Pennsylvania board bars dentists from dating patients

By Kathy Kincade, Editor in Chief

October 27, 2008 -- "Sexual misconduct" is taking on a whole new meaning for dental professionals in the state of Pennsylvania.

Under new regulations approved by the Pennsylvania State Board of Dentistry and the Independent Regulatory Review Commission, dating or having a mutually consensual sexual relationship with a patient could put dentists, hygienists, and expanded function dental assistants at risk of disciplinary action.

"The sexual misconduct regulations will prohibit dentists, dental hygienists, and expanded function dental assistants from engaging in any sexual conduct with a current patient," wrote Mariellen Brickley-Raab, R.D.H., chairwoman of the sexual misconduct committee, in a newsletter published by Gov. Edward Rendell's office in fall 2007. "This includes words, gestures, expressions, actions, or any combination thereof which are sexual in nature or which may be construed by a reasonable person as sexual in nature."

Violation of the rule will subject the practitioner to disciplinary action. The regulations do not apply to married dental professionals who treat their spouses or to those cohabitating.

The rule change is the result of state government efforts to encourage all health-related boards to develop sexual misconduct regulations, according to John Reitz, D.D.S., chairman of the state dental board.

"Currently, the Pennsylvania medical board, nursing board, and physical therapist board prohibits a sexual relationship with active patients," he told in an e-mail. "Our rule change makes us consistent with the standards set by our allied health boards. Until now the dental board did not have a definition of sexual misconduct." State boards in California, Iowa, Maine, and Mississippi use a similar definition.

But Thomas Gamba, D.D.S., president of the Pennsylvania Dental Association (PDA), says the new rules are "onerous."

"We don't think the dentist/patient relationship carries the same connotations as that of a gynecologist or psychiatrist," he said. In addition, the regulations do not allow consent as a defense of sexual misconduct.

"We feel that with mutual consent, a dating or romantic relationship should be acceptable," Dr. Gamba said. "We would be very happy if they had taken out the phrase 'consent is not a defense.' "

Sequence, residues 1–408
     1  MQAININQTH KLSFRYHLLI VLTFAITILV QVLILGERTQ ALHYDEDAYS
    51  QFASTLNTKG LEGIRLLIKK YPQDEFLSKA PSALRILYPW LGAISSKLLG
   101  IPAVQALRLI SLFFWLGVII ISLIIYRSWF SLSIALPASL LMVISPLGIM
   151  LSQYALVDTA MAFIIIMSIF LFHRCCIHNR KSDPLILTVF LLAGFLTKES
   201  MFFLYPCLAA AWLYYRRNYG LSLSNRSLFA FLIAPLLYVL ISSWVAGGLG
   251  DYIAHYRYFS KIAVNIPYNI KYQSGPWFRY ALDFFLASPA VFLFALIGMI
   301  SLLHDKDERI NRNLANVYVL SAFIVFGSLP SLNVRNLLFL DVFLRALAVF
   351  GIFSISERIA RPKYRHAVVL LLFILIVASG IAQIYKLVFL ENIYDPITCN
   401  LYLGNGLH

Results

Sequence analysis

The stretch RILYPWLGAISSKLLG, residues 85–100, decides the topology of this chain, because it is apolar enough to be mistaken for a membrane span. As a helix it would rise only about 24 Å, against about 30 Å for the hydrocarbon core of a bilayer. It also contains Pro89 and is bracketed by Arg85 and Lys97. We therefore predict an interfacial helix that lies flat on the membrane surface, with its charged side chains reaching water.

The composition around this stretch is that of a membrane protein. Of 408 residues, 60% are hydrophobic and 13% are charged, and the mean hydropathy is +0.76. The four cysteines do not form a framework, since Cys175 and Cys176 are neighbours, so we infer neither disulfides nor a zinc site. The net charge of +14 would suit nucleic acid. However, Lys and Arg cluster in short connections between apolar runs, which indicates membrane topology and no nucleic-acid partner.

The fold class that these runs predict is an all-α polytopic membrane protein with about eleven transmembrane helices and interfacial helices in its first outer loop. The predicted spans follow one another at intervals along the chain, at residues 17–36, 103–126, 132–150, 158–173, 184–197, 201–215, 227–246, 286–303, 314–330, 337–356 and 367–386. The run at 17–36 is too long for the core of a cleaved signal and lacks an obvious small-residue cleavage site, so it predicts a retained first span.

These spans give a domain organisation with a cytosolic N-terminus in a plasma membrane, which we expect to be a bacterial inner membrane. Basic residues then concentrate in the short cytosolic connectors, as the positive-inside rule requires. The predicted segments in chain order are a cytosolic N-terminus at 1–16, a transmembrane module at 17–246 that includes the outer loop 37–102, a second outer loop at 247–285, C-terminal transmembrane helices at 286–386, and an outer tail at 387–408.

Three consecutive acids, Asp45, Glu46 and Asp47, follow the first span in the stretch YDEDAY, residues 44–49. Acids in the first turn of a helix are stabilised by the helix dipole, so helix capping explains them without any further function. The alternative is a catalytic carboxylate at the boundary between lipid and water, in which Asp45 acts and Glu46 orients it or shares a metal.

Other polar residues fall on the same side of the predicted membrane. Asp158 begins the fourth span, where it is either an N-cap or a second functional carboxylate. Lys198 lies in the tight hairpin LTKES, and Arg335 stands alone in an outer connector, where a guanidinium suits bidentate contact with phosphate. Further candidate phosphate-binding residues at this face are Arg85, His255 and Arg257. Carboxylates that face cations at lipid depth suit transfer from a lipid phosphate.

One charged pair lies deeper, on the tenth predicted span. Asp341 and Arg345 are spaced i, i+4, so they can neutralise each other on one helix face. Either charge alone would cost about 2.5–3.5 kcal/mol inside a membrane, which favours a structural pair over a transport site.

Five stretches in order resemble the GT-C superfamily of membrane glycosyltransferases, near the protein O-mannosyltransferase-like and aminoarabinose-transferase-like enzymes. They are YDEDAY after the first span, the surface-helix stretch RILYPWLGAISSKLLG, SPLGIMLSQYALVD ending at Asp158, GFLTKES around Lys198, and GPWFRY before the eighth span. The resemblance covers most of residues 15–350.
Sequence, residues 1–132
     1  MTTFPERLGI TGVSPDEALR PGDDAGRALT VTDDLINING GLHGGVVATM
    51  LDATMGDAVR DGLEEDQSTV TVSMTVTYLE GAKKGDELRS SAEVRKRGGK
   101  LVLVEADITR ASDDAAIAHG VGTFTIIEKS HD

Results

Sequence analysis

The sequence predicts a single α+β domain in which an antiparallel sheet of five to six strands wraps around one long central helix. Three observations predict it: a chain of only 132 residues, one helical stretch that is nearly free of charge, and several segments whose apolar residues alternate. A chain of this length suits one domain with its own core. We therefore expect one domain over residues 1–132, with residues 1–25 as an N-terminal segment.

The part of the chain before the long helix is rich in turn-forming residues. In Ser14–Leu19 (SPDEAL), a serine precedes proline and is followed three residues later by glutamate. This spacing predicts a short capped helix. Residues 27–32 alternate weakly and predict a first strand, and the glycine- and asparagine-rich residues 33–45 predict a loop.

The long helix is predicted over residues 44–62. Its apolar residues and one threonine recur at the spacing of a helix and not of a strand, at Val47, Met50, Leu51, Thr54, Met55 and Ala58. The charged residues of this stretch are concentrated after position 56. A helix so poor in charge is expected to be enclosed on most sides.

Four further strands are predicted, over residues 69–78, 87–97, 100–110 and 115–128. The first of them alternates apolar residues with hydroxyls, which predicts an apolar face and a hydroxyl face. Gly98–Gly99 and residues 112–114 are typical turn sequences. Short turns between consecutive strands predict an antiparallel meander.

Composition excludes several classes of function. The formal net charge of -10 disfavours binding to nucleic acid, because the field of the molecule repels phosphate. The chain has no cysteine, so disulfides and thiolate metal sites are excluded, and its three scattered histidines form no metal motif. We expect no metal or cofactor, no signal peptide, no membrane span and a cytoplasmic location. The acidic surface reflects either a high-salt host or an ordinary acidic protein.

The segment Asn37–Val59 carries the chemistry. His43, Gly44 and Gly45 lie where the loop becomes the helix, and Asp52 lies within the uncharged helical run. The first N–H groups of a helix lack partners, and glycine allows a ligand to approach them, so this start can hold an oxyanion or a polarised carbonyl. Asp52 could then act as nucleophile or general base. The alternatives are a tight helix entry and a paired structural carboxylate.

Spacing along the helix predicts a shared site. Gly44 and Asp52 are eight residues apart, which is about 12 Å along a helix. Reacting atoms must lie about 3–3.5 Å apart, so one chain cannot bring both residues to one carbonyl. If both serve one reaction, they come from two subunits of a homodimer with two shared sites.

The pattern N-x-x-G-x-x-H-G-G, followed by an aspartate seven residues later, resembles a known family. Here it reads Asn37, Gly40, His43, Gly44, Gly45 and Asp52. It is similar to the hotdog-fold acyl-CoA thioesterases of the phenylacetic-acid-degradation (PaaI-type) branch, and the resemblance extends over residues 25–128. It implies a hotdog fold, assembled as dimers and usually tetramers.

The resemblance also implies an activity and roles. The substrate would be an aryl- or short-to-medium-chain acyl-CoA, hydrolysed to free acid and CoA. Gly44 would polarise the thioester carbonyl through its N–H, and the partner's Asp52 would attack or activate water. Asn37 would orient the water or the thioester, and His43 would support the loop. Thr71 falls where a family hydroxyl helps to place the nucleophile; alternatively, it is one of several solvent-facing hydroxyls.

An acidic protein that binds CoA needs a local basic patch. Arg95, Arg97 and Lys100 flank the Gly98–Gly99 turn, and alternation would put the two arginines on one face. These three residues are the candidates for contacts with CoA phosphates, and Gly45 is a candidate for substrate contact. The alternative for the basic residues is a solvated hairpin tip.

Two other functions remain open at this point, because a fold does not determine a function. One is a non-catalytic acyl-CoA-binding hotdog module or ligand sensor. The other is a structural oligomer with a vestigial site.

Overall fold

Dr. Reitz said the key point is "the fiduciary nature of the dentist-patient relationship," as recognized by the ADA.

"The argument of mutual consent does not exist in a fiduciary relationship," he told "Dentists have access to personal information about their patients, including medical history, financial information, marital status, home address, and phone numbers. This information is necessary to determine an appropriate dental treatment plan, not prescreen potential sexual partners."

In addition, Dr. Reitz believes such rules can help protect the dentist as well as the patient.

"It's not always about exploiting the patient; sometimes it's about the patient exploiting the doctor," he said. He noted that the state medical board's decision was just upheld in Commonwealth Court on similar sexual misconduct regulations after a Pennsylvania doctor who began treating his girlfriend prescribed drugs for her without consulting her other treatment providers, who had stopped prescribing for her because she was engaging in drug-seeking behaviors.

"This case should be the poster child for why it's a bad idea to date one's patients," Dr. Reitz said. "Because of his personal relationship with the patient, he could not be objective and see that his prescribing practices were inappropriate."

Still, Dr. Gamba is concerned that the new regulations could discourage younger dentists from moving to Pennsylvania at a time when the state has a shortage of dental professionals, especially in rural areas.

"PDA believes that the regulations could potentially discriminate against newly graduated dentists, many of whom are unmarried and are more apt to seek personal relationships," he wrote in a letter to Arthur Coccodrilli, commissioner of the state Independent Regulatory Review Commission, in early October. "PDA is concerned that overly burdensome misconduct regulations may make Pennsylvania an unfriendly practice environment for young dentists. This could potentially decrease the number of dentists practicing in the state and impact patients' ability to access care."

Most states prohibit sexual misconduct with patients to some degree, argues Dr. Reitz -- including consensual sexual contact. An article in the September 2004 issue of Journal of the American Dental Association noted that "While you undoubtedly understand that sexual contact between a doctor and a patient that is not consensual or is an otherwise 'illegal' touching of a patient would be of concern to a licensing board, you may not know that licensing boards do not generally 'approve' of consensual sexual contact either" (JADA, September 1, 2004, Vol. 135:9, pp. 1326-1329).

"I believe a practitioner's decision to practice in Pennsylvania is based on factors other than whether the state permits them to sleep with their patients," Dr. Reitz said. "Let's give them more credit than that."

The new rules will take effect in the next few weeks, after they are formally published.

Copyright © 2008

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